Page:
More mine rescue specialists were being rushed to New Zealand Tuesday as the grim wait to search for 29 trapped miners entered its fifth day.
The expected arrival of 18 personnel from Australia would take the number of rescuers and support staff waiting at the mine entrance for volatile gases to subside to more than 100.
There has been no contact with the missing miners since an explosion Friday and rescuers say conditions in the Pike River coal mine remain too dangerous to mount a search.
"I can't express the frustration that our guys feel at not being able to deploy underground. It is heartwrenching," New Zealand Mines Rescue boss Trevor Watts told reporters.
He said they were totally reliant on the gas readings from the mine on whether or not they could go underground to look for the men.
It was not so much the toxic nature of the gases in the mine, but whether these could ignite and create a further explosion, he said.
"The conditions that our rescue personnel are going to face are potentially going to be hostile," he added.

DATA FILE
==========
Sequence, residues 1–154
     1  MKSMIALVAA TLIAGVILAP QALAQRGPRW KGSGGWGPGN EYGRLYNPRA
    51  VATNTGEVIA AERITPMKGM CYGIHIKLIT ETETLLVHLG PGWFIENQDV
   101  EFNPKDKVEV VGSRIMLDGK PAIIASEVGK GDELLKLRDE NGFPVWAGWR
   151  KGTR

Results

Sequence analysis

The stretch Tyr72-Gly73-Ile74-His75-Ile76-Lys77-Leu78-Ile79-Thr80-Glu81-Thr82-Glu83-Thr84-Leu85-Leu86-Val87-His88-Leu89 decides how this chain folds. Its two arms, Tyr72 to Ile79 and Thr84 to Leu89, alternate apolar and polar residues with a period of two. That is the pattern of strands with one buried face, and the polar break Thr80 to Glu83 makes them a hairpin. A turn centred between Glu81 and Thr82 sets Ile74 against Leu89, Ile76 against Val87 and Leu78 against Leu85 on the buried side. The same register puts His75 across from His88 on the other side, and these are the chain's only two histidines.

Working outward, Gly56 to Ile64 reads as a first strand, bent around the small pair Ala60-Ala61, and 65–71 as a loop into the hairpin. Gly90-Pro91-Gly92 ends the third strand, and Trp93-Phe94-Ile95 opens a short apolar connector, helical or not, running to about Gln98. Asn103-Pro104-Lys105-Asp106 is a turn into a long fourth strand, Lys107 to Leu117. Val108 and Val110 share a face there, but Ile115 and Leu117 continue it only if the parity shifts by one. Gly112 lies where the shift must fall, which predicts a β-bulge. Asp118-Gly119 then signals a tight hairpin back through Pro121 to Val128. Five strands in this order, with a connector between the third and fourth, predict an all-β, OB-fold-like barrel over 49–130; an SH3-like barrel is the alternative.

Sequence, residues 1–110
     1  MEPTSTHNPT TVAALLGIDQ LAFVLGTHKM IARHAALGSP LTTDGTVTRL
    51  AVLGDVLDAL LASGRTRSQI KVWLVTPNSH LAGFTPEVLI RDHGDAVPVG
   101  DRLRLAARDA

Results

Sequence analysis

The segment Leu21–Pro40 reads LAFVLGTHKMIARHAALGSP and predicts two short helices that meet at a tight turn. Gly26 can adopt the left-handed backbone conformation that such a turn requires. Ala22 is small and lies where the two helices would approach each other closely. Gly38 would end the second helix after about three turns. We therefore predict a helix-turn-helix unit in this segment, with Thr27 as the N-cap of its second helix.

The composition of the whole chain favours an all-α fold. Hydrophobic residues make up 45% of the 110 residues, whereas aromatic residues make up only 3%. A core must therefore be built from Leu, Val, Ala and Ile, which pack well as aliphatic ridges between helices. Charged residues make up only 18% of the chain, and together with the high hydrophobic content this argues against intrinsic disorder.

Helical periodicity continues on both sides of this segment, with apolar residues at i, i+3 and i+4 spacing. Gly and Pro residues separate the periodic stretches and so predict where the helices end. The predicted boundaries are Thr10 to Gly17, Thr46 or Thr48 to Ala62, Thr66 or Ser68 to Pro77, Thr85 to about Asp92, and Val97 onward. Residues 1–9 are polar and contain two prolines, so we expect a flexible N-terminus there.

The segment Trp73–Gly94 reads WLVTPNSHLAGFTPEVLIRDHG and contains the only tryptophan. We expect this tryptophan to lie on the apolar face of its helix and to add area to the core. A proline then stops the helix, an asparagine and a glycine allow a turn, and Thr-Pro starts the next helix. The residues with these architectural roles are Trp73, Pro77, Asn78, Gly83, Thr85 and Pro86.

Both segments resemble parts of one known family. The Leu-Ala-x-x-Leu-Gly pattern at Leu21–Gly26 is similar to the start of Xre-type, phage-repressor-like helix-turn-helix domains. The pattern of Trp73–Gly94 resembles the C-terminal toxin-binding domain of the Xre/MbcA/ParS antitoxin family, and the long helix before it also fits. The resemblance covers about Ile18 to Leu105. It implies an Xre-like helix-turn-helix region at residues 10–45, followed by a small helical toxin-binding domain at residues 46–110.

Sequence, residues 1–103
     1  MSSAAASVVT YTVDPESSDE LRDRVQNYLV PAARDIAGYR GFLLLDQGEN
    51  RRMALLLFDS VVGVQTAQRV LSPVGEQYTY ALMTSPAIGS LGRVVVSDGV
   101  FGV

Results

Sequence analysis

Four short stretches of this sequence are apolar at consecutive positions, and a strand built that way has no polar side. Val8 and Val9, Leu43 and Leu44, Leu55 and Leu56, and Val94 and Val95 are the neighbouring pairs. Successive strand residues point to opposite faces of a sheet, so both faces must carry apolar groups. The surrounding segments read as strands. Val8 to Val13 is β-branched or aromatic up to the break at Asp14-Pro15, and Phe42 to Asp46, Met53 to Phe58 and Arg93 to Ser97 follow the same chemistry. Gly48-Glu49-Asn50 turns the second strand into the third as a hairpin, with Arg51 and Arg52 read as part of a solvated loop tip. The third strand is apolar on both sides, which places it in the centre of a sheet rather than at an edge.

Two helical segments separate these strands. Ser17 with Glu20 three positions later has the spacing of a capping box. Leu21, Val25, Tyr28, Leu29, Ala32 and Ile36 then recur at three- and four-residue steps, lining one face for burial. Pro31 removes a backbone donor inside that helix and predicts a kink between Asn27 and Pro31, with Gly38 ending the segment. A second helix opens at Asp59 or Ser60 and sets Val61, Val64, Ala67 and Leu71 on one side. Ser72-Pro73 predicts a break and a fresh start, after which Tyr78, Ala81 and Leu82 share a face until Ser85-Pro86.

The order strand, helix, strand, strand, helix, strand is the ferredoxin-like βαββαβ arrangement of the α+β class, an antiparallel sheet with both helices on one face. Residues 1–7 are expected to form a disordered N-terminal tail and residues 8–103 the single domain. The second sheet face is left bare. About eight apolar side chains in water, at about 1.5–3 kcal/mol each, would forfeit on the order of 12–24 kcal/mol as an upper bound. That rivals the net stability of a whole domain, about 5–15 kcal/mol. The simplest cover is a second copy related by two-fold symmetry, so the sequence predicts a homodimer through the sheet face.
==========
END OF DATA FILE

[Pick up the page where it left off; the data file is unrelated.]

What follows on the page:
Watts already has 65 rescuers and 30 support personnel ready to enter the mine and tests on the gases are being taken every half hour as they search for a window of opportunity to enter.
"We have got highly trained and experienced mines rescue personnel waiting to go and collectively, between ourselves, the police, the mine management, we are unable to do so on the back of expert analysis around explosibility of gases," he said.
"All our operational plans and risk assessment processes are completed and all our teams are being briefed as they rotate through a 24-hour period on those operational plans. Everything is ready to go."
Watts said the large number of personnel was needed because of the difficulty in recovering the miners when they get the all-clear to enter the mine.
Each rescuer will be carrying about 25 kilograms (55 pounds) of breathing apparatus and other equipment on a near three-kilometre uphill walk to where the missing miners are believed to be.